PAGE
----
Johnson, a former Republican governor of New Mexico, believes that so-called defense spending should be used for defense, that the United States "should resort to military action as the last option and only as provided in the Constitution" and that our foreign policy should be "reoriented toward the protection of U.S. citizens and interests." Obama and Romney, by contrast, believe "it is the responsibility of our president to use America's great power to shape history," as Romney put it in a recent speech.
During last week's vice presidential debate, Romney's running mate, Paul Ryan, struggled mightily to distinguish the two major parties' foreign policies. He was reduced to squabbling with Vice President Joe Biden about how often Obama meets with Israeli Prime Minister Benjamin Netanyahu and faulting the administration (over and over again) for describing Syrian autocrat Bashar Assad as a "reformer."
Ryan's main message was that Romney would do basically what Obama is doing but with more "credibility." It was clear that on all the major foreign policy issues Ryan and Biden discussed -- including Iran, Iraq, Afghanistan, Libya and Syria -- Obama and Romney have essentially the same positions.
In a debate limited to Obama and Romney, you will not hear anyone question, as Johnson does, whether frustrating Iran's nuclear ambitions is worth launching yet another war in the Middle East. You will not hear anyone wonder, as Johnson does, whether occupying Afghanistan for 13 years was the only way to "make sure that the Taliban does not come back in and give al-Qaida a safe haven," which is how Ryan described the aim of the longest war in American history.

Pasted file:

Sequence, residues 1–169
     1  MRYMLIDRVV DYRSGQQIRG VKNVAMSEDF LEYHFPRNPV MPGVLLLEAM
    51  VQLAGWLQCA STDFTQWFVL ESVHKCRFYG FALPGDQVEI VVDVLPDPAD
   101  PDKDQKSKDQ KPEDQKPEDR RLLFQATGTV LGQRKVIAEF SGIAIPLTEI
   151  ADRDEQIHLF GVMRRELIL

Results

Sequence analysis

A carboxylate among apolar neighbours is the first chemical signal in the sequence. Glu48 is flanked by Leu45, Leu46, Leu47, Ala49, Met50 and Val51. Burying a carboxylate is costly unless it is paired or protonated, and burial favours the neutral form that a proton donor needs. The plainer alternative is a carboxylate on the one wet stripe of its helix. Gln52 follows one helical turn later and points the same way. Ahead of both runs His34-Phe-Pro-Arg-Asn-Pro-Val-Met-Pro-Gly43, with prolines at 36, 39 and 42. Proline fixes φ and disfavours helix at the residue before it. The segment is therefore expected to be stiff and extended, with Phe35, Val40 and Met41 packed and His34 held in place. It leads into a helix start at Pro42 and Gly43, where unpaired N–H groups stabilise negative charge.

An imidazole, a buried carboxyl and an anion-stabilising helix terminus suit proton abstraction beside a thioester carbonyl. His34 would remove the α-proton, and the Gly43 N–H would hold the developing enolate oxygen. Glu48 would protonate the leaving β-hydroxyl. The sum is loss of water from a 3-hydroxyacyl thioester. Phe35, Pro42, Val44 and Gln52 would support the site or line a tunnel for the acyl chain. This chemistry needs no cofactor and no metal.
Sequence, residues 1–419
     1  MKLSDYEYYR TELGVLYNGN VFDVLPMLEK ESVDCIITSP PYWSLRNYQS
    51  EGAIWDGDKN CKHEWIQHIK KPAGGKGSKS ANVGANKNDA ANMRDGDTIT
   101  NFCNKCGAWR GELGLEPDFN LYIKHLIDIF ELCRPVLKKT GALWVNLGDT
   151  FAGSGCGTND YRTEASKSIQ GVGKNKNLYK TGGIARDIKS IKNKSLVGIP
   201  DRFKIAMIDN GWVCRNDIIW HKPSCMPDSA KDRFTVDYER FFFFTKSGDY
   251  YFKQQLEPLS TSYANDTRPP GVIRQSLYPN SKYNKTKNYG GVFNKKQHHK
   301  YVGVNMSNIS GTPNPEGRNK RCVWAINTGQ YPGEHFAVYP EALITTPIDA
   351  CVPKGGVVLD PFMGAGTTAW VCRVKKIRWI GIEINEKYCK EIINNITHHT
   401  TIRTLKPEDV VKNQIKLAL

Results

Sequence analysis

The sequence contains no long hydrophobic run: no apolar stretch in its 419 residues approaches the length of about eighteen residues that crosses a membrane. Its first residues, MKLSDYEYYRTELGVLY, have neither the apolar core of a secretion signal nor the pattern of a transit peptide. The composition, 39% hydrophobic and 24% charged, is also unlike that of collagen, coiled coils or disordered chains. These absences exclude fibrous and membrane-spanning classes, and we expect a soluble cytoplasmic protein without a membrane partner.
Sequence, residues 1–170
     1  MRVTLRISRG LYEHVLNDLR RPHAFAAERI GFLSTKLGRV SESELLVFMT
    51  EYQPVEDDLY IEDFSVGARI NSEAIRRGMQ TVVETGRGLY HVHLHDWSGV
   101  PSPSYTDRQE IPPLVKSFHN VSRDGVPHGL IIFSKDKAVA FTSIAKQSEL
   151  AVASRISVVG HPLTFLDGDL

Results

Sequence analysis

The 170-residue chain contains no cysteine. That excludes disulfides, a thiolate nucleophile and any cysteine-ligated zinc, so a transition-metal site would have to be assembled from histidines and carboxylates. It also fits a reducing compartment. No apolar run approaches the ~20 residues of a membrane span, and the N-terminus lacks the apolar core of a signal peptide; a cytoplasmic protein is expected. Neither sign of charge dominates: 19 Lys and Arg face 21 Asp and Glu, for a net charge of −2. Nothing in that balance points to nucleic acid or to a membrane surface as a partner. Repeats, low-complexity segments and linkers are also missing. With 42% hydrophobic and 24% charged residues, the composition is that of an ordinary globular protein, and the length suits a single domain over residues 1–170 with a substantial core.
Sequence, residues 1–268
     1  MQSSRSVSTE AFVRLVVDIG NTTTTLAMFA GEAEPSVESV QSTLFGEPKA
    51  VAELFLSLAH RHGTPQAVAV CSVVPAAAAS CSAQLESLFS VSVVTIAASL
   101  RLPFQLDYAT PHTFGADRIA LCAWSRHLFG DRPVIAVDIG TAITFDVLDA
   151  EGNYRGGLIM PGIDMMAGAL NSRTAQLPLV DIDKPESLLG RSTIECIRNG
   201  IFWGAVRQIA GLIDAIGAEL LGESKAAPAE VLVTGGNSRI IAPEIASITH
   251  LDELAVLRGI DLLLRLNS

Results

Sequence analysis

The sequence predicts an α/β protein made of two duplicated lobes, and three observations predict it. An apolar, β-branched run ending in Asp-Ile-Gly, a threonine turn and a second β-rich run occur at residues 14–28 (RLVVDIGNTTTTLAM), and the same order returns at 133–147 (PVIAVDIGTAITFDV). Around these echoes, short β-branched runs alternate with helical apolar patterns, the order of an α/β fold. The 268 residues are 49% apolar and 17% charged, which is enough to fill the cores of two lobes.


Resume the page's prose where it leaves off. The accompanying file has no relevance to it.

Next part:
Biden did allow that as of next year "it is the responsibility of the Afghans to take care of their own security." What about Europe, Japan and South Korea? That's the sort of question Johnson asks but Obama and Romney never will.
Another Johnson theme neglected by the two major parties: The Constitution requires the president to obtain congressional approval before starting a war. Although Obama once thought that principle was pretty important, he changed his mind after he was elected president, unilaterally intervening in Libya's civil war. Romney main complaints at the time were that Obama did not do so sooner and that he rashly ruled out the use of ground forces.
On the question of whether U.S. military action against Libyan dictator Moammar Gadhafi set a precedent for U.S. military action against Assad in Syria, Biden last week said no, because "it's a different country." Ryan agreed that "each situation will come up with its own set of circumstances." This is how unprincipled recklessness masquerades as prudence.
Although neither Obama nor Romney currently supports direct military intervention in Syria, both favor arming "friends who share our values" (as Romney puts it) with help from proxies such as Qatar and Saudi Arabia.
How's that going? This week, The New York Times reported that "most of the arms shipped at the behest of Saudi Arabia and Qatar to supply Syrian rebel groups fighting the government of Bashar al-Assad are going to hardline Islamic jihadists."
Like Johnson, Sen. Rand Paul, R-Ky., worries that "we are in too many places, too often, and we don't seem to even know the reason -- or where we will end up when we're done." Instead of learning from foreign fiascos, Paul says in a recent CNN.com essay, "both parties rush headlong into more places they don't understand."
For strategic, fiscal and moral reasons, we desperately need an alternative to what Paul calls our "'act first, think later' foreign policy." Unfortunately, neither major party is offering one.